I’ve always been dubious about using slang in writing.
Slang has to be one of the trickest things to write. Done well, it gives the material a sense of up-to-the-minute modernity – it adds colour and an authentic feel, if that’s what you’re after. It adds place. What would a story about Cockneys be if it didn’t have at least a hint of the patter?
But there are a few problems. Slang is transient – the words spread organically – these days, sometimes very quickly – and nothing dates faster than yesterday’s buzzword or yesterday’s usage.
That’s hard to avoid even when sci-fi writers try to create a sense of social future by coining it. E. E. ‘Doc’ Smith’s writing was full of coined slang – which was fine, but he did it on the principle of ‘different but not too different’ – a very sensible approach that gives the audience a feel of novelty without total alien-ness. But it also means that, today, Smith’s slang has a very ‘period’ feel.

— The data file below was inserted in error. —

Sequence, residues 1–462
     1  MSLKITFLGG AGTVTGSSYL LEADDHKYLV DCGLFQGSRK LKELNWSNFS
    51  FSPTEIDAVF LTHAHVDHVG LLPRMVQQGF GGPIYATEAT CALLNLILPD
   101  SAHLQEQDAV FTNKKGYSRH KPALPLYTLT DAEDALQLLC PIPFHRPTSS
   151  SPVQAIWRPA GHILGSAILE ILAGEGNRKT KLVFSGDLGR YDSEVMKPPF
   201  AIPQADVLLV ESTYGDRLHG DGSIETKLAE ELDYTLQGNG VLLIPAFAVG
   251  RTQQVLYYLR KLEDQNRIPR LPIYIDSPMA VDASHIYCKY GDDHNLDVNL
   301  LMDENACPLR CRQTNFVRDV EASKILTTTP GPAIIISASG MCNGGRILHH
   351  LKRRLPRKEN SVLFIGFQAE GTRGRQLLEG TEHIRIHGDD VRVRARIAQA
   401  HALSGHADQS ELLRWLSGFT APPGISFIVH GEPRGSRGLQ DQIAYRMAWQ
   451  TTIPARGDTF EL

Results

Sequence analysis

The onus is also on writers to get it right if they’re putting together a period story. Cockney rhyming slang, for instance, has changed quite a bit in the last century. And if you get it wrong, somebody’s bound to spot it.
Someone who got it right was George McDonald Fraser, whose Flashman stories were filled with authentic nineteenth century middle-class/officer slang (‘fig’, for instance, meaning ‘uniform’; ‘plunger’, meaning ‘yuppie’, and don’t ask me what ‘poonts’ are.) Fraser nailed it to the point where at least one reviewer believed Fraser’s absurd conceit that the stories were a genuine ‘found memoir’ (penned by Harry Flashman, the bully of Tom Brown’s Schooldays.)
However, Fraser had a very special talent and it’s rare to see such a spot-on effort.
The other issue is quantity. A book filled with slang becomes hard to parse: the reader has to constantly ‘translate’.
My answer – solving both problems – is that it’s better to hint at the presence rather than blast it full-on into the story.
Yup – judicious slang! Enough to give the flavour and sense that slang’s about – adding the necessary colour – but not enough to derail the reading experience or create a fast-dating story that nobody’ll want in a year or two.
Do you add slang to your writing?
Copyright © Matthew Wright 2016